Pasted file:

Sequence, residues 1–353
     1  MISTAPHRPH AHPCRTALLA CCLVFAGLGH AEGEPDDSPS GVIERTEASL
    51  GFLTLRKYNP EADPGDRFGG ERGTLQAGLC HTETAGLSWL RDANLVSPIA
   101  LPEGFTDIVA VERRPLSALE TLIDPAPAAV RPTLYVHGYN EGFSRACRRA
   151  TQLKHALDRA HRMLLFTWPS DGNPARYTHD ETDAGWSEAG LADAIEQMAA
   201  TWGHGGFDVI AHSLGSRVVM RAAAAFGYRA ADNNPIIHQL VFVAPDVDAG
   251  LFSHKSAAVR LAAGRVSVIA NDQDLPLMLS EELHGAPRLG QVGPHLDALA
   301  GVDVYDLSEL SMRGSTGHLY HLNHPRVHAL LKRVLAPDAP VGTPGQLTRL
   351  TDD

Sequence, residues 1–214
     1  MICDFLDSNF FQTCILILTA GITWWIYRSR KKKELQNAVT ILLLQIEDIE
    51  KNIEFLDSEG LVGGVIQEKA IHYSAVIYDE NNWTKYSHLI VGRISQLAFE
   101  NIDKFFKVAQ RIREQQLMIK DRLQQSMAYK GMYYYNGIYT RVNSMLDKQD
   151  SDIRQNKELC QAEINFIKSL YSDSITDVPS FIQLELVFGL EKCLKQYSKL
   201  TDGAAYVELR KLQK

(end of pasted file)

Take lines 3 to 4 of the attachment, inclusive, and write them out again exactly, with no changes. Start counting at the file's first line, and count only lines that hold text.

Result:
    51  GFLTLRKYNP EADPGDRFGG ERGTLQAGLC HTETAGLSWL RDANLVSPIA
   101  LPEGFTDIVA VERRPLSALE TLIDPAPAAV RPTLYVHGYN EGFSRACRRA